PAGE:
Experimental Cinema is reporting the sad news that structural film pioneer Owen Land died last month on June 8. The cause of death isn’t being reported, but he was found dead in his Los Angeles apartment.
Born in New Haven, Connecticut in 1944, Land was born as George Landow. Land described his initial approach to filmmaking as applying a “painterly way of thinking” to film production in an interview with P. Adams Sitney in a 1969 issue of the magazine Film Culture. However, that style soon also incorporated Land’s spiritual and philosophical interests.
His most popular early works are 1963′s Fleming Faloon, in which Land attempted to create the illusion of depth on the movie screen’s flat surface; 1967′s Bardo Follies, a meditative film in which Land created the illusion of a burning movie screen; 1968′s The Film That Rises to the Surface of Clarified Butter, in which an animator »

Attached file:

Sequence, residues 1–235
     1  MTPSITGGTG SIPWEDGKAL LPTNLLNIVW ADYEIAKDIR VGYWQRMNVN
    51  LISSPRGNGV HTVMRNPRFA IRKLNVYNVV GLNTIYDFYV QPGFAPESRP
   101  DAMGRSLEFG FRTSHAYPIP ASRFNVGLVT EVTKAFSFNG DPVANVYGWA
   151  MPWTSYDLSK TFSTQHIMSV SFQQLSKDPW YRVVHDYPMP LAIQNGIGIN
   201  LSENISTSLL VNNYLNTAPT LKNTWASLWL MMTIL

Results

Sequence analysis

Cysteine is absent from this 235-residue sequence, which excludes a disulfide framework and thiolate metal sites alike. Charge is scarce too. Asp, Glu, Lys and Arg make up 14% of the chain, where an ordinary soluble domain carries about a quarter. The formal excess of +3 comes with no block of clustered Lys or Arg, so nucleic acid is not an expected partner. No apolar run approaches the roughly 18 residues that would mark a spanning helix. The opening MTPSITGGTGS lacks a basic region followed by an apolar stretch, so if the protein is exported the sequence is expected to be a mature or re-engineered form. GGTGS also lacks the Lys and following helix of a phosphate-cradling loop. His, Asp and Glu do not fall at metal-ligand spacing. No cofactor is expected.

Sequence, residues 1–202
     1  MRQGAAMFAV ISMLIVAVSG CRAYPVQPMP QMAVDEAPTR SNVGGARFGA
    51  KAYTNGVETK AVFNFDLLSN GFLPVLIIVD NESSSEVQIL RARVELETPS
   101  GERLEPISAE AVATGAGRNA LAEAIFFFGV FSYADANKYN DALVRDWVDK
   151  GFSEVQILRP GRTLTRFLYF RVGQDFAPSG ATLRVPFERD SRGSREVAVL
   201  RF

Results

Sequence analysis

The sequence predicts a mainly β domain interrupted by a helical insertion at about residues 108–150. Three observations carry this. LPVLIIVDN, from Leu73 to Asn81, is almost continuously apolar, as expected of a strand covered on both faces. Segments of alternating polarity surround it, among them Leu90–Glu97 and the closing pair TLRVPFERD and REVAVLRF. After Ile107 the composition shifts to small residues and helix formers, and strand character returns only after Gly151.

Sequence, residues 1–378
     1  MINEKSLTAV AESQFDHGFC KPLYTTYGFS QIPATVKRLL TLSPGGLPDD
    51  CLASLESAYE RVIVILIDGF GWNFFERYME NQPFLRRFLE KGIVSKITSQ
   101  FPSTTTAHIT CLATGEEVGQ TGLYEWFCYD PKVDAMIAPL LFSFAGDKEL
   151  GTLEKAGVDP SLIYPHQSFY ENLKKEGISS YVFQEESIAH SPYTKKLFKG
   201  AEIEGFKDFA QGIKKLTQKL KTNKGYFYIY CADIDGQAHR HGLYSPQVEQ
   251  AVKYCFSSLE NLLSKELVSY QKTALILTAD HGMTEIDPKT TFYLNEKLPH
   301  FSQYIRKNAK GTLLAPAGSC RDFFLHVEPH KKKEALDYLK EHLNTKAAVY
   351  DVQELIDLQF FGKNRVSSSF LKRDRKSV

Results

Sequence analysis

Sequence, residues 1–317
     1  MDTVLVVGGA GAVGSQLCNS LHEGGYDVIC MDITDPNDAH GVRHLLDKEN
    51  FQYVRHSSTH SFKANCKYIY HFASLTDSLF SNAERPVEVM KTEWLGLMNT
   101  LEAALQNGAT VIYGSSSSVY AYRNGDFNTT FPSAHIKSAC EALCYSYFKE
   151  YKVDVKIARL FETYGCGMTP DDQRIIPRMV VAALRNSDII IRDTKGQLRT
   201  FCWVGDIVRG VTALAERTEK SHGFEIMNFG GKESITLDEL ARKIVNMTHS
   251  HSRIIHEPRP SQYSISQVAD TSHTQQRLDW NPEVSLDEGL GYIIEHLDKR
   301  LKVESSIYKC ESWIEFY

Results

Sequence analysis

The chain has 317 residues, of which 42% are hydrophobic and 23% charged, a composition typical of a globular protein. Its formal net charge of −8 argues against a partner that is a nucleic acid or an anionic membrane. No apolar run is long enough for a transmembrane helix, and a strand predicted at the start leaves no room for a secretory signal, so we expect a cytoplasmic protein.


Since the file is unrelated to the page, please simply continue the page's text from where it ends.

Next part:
- Mike Everleth
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